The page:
Evan Stone Gets 'EFF'-ed Up in Porn Copyright Trolling Sanctions - U.S. Fifth Circuit
U.S. Fifth Circuit - The FindLaw 5th Circuit Court of Appeals Opinion Summaries Blog

Evan Stone Gets 'EFF'-ed Up in Porn Copyright Trolling Sanctions

Copyright trolling seems to be a decent business model, until a court starts imposing sanctions. And woe is the attorney on the receiving end of those sanctions, according to a recent Fifth Circuit Court of Appeals opinion.

Attorney Evan Stone represents Mick Haig, a company which produces pornographic films. Their copyright infringement lawsuit — which lead to attorney sanctions against Stone — is at the root of this appeal.

Mick Haig identified 670 unnamed persons who it claimed had unlawfully downloaded its film Der Gute Onkel using Bit Torrent, an online file-sharing program. The company sued the alleged infringers as John Doe defendants (the Does), and then sought permission to expedite discovery in order to subpoena the Does' ISPs to disclose their names and contact information before the required Federal Rule of Civil Procedure (FRCP) 26(f) discovery conference.

The district court appointed attorneys from the Electronic Frontier Foundation and Public Citizen Litigation Group (the attorneys ad litem) to represent the Does in responding to the motion, and ordered the ISPs to preserve certain records. It never actually gave the go-ahead for Stone to issue subpoenas.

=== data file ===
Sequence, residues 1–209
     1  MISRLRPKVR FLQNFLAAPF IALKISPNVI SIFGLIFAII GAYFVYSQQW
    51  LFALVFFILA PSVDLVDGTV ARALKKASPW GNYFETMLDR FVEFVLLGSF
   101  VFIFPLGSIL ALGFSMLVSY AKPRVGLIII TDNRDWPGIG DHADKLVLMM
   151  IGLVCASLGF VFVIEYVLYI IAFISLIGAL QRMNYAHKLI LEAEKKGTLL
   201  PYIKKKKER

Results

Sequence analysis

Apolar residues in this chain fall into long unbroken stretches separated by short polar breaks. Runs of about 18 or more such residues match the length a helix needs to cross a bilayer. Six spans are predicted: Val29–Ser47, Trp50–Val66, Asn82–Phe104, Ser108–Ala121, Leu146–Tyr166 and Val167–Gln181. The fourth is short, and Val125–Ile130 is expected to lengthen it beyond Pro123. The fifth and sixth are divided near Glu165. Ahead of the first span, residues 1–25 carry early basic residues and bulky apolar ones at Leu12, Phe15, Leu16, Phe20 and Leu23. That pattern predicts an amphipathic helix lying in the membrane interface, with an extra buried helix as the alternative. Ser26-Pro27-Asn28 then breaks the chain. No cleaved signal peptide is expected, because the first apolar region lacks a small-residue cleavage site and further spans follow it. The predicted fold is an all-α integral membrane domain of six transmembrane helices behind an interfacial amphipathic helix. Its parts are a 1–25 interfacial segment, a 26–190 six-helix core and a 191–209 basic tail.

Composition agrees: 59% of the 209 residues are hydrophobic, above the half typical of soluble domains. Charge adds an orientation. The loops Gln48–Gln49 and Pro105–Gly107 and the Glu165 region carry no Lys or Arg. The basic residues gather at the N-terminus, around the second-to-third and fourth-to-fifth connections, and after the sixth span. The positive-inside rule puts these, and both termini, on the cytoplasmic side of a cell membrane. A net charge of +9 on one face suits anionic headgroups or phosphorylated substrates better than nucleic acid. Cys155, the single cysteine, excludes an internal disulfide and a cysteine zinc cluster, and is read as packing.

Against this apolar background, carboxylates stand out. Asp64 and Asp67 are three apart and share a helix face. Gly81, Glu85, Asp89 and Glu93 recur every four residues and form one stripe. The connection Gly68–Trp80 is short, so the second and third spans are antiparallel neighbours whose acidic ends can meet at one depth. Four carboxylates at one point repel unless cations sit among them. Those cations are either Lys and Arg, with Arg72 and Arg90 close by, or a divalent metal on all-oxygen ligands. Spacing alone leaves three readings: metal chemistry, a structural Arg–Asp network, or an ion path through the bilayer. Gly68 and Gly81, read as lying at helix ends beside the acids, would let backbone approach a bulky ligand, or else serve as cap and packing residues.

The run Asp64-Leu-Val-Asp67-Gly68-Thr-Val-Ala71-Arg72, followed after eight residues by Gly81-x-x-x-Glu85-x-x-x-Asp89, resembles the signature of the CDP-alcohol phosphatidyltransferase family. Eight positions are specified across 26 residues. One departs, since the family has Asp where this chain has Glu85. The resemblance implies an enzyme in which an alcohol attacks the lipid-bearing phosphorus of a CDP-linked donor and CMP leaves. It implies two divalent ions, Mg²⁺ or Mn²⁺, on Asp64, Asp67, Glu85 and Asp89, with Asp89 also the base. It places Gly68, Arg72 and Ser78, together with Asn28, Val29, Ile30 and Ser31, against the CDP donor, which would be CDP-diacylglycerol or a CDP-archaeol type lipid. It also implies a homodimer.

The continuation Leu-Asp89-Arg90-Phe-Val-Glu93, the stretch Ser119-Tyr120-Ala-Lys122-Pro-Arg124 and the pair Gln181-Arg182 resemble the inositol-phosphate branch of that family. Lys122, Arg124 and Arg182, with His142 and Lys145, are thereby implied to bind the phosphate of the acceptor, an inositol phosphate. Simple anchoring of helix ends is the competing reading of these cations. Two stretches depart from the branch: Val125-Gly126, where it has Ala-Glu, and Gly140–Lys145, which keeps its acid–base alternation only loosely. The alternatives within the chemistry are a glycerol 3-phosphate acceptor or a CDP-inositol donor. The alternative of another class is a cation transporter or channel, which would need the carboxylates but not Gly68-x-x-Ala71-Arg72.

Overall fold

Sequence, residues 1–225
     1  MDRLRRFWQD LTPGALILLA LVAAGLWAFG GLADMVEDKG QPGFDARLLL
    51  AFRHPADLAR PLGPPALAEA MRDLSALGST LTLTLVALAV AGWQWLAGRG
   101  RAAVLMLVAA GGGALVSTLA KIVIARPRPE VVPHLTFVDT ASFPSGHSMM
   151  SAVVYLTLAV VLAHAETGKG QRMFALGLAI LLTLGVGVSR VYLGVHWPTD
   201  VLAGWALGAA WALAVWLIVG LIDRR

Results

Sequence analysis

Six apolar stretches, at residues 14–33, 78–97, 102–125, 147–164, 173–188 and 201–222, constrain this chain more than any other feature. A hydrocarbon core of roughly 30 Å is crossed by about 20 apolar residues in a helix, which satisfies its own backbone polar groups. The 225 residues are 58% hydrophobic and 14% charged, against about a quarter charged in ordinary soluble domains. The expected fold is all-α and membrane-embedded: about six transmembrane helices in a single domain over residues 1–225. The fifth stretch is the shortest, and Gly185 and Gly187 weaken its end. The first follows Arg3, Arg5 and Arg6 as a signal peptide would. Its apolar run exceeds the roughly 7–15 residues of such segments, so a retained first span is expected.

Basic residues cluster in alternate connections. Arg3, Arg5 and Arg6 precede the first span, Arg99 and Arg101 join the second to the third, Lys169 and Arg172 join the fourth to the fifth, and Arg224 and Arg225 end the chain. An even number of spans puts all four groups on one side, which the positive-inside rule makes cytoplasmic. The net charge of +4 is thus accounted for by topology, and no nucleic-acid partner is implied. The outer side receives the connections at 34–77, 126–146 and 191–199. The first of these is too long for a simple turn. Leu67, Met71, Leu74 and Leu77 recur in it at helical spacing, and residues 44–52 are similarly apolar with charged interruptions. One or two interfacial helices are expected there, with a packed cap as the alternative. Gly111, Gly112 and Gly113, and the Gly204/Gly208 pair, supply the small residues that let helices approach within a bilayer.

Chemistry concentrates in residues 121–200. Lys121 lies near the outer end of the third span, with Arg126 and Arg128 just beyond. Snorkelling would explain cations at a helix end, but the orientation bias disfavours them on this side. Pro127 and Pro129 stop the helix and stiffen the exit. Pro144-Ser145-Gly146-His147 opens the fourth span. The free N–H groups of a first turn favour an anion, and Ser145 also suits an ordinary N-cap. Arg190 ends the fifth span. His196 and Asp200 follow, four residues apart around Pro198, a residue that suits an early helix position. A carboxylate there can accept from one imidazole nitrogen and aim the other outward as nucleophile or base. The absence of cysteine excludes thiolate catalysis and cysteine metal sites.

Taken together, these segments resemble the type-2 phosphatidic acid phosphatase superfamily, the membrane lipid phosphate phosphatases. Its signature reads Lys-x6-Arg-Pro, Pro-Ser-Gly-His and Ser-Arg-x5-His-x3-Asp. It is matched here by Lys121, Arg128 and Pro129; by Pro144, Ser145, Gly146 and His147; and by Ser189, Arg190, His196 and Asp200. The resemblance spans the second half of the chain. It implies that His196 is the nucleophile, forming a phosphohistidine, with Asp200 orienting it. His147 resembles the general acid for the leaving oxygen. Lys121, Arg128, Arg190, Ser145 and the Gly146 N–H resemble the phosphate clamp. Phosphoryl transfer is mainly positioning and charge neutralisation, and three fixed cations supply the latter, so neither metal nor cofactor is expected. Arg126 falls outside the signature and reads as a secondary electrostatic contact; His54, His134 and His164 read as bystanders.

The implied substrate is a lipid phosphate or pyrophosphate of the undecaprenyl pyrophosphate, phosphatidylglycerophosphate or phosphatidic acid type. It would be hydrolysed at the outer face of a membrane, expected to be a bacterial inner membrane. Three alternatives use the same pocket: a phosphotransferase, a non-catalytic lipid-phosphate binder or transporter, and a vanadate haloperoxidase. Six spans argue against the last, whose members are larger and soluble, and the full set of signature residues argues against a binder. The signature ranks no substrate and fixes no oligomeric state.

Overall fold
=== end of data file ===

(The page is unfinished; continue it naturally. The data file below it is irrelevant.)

Before the district court could rule on the motion to expedite, Mick Haig voluntarily dismissed its case. The attorneys ad litem suggest that Stone already had what he wanted by that time: information about the Does that he could use to contact the Does directly.

That's essentially what the copyright trolls do. They threaten alleged infringers with lawsuits that will cost thousands between attorneys fees and potential fines, and offer settlement agreements. "They're interested in scaring accused downloaders into forking over a couple thousand dollars apiece to make the accusations go away," according to Allison Frankel from Thomson Reuters News & Insight.

While copyright trolling may be a bad idea, the attorneys ad litem claimed that Stone crossed the line into "serious misconduct." They told the district court that Stone violated FRCP 26 and FRCP 45 by issuing subpoenas to the ISPs in the case, and later communicating directly with some of the Does.

The district court characterized Stone's behavior as "staggering chutzpah" and imposed attorney sanctions. Stone appealed.

The Fifth Circuit Court of Appeals affirmed the sanctions on Thursday, concluding that Stone flagrantly violated of the Federal Rules of Civil Procedure and the district court's orders.

The appellate court noted, "Stone committed those violations as an attempt to repeat his strategy of suing anonymous internet users for allegedly downloading pornography illegally, using the powers of the court to find their identity, then shaming or intimidating them into settling for thousands of dollars, a tactic that he has employed all across the state and that has been replicated by others across the country."

Be warned, attorneys: The Electronic Frontier Foundation and Public Citizen are fighting trolling actions in multiple jurisdictions, and they will push for attorney sanctions. If you get EFF-ed in court, don't say we didn't warn you.

Related Resources: